That is no miss spelling and this is what they look like before they are tore apart and thrown in the dirt for fifty years.

This is what I drug home.

The Wifely Unit ain’t wise to any of this, yet.

She has pretty much given up at this point I think.

There is still the very real possibility me and Fido might be roomies for a while yet though.

26 thoughts on “Oh Now I’ve REALLY Done It!

  1. I collect and restore those.

    Email me if you need help or advice.

    That one may be dificult to find parts for aas they are not the most common, but stil…..

    Nice find.

    Liked by 1 person

    • Thanks B, I will keep you in mind because I can already say that I am going to be needing some parts and I’m sure they are as hard to find as hens teeth.

      Like

  2. Don’t even try to explain to her why you paid XX$ for a pile of rusty junk. Even if she’d understand what it is, there’s just no way to make that argument work.
    I learned in grade school that I couldn’t lie to save my life, but if I just told part of the truth and diverted their attention to something trivial, I could get away with most anything. So if I was in that pickle, I’d pick some upcoming date, birthday/Mother’s Day/anniversary/whatever, and ask her what special treat she’d like. Good luck and congrats on yer new projects.

    Liked by 1 person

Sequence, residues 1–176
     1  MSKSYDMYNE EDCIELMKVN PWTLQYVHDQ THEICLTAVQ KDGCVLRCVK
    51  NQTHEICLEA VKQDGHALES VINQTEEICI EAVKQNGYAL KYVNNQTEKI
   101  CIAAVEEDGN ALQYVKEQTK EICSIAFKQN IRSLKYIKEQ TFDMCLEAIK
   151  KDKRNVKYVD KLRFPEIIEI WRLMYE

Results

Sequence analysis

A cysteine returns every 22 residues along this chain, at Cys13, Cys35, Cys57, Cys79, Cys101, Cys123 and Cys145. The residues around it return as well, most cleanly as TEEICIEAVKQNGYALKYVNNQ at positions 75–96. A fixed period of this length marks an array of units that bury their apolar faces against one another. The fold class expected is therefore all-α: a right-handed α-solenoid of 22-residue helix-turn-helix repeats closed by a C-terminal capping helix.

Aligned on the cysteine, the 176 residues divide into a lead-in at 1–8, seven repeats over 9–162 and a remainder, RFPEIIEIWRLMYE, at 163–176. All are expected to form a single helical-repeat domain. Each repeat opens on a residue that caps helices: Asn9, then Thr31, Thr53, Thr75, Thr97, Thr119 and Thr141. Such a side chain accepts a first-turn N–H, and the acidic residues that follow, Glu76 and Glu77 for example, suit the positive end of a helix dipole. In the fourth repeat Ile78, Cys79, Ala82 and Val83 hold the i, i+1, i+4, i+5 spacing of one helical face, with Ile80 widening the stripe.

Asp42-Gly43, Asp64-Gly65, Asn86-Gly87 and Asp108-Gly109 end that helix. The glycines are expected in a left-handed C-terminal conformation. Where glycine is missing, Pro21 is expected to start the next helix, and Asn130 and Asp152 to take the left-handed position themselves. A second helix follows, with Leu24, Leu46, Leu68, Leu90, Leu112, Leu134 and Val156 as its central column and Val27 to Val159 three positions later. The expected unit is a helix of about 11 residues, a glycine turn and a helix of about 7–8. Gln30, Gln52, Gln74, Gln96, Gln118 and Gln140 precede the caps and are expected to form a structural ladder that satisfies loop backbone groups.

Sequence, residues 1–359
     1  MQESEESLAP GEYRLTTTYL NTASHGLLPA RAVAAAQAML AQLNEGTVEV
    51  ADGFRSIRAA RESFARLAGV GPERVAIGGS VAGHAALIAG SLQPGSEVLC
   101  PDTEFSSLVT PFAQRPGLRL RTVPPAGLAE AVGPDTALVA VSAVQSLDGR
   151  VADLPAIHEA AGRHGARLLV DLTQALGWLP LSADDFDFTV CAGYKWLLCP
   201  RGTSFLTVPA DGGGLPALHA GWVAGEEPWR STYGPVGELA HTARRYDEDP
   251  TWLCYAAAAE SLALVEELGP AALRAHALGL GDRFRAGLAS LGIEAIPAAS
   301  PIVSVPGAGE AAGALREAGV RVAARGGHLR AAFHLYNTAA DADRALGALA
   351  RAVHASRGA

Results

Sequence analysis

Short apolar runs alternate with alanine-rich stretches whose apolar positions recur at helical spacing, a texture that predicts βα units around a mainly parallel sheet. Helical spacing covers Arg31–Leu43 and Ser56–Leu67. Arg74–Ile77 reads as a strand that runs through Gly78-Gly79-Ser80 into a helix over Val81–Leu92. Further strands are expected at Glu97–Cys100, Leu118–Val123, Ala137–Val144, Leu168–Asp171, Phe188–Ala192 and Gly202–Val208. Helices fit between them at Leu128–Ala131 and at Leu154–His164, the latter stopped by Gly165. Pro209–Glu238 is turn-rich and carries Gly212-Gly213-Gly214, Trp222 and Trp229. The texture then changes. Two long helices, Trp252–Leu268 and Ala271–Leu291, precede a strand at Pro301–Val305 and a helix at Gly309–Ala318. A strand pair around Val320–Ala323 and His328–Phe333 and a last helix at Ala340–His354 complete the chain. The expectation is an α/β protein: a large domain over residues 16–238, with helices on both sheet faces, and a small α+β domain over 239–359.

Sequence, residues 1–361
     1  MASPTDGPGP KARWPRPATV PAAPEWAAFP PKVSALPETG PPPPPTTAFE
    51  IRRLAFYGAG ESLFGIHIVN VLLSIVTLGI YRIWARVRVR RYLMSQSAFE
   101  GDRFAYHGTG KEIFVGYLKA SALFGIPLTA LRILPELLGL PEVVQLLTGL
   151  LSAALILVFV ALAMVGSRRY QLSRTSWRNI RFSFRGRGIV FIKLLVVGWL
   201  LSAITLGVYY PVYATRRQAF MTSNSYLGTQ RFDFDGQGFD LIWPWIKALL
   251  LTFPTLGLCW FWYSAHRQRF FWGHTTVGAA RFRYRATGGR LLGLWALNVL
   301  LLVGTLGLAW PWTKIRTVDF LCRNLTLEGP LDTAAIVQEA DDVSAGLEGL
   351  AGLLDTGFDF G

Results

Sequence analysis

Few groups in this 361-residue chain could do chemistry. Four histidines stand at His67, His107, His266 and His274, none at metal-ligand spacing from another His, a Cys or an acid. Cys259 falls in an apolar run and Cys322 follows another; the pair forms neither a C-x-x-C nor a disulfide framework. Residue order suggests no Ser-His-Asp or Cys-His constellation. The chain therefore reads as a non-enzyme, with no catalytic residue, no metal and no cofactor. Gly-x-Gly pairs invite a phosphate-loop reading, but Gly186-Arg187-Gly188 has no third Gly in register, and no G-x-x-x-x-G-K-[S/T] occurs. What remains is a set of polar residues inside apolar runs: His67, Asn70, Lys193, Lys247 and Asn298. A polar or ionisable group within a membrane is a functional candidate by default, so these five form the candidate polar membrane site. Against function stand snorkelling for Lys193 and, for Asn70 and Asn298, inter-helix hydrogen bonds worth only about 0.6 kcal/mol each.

3. My grand dad on my moms side was a machinist from 1917 to 1962. He did a lot of these hit or miss engines for a neighbor when he retired. He build a powered metal saw that was link a horizontal band saw. he also build a steam engine from a piece of culvert and a water pump for a bigger steam engine.

    If computers did not exist I probably would have followed him into that. Computers is cleaner but I would rather be doing stuff with Lathes, Mils and Drill Presses I think.

    Liked by 1 person

  4. Nice score on both,

    We’re going to have to work on finding you a place with a bigger work area, preferably a place out in the sticks a ways with a shop instead of a garage.

    Later Phil,

    wes
    wtdb

    Liked by 1 person

  5. never got into the hit and miss engine thing, work on a few way too many years .
    dear old dad showed me how to fit the babbit bearing in them. did the change over to winscon
    engines back then. late 1960’s think i have a bar of anti-friction metal around here somewhere,,,
    the smaller saws are the ones to get. more useful, i think. rebuilt a old big one for a friend years
    ago, he still banging into it today. uses a 18 or 20 inch blade, with legs. weights a half a ton.
    . but it will saw damn near anything in half. neat thing was the old, dull blades made great knives.
    wish you well with the new project. i like to find a old lister diesel engine myself.
    someday,,

    Liked by 1 person

  6. I used to drink beer at an old bar right on TX/NM border between Pecos and Carlsbad. They got their elec from a genset powered by natl gas that used a motor like that. Had 2 of them. One always on standby. Desolate as hell at the time.

    Liked by 1 person

    • You guys ain’t seen nothing.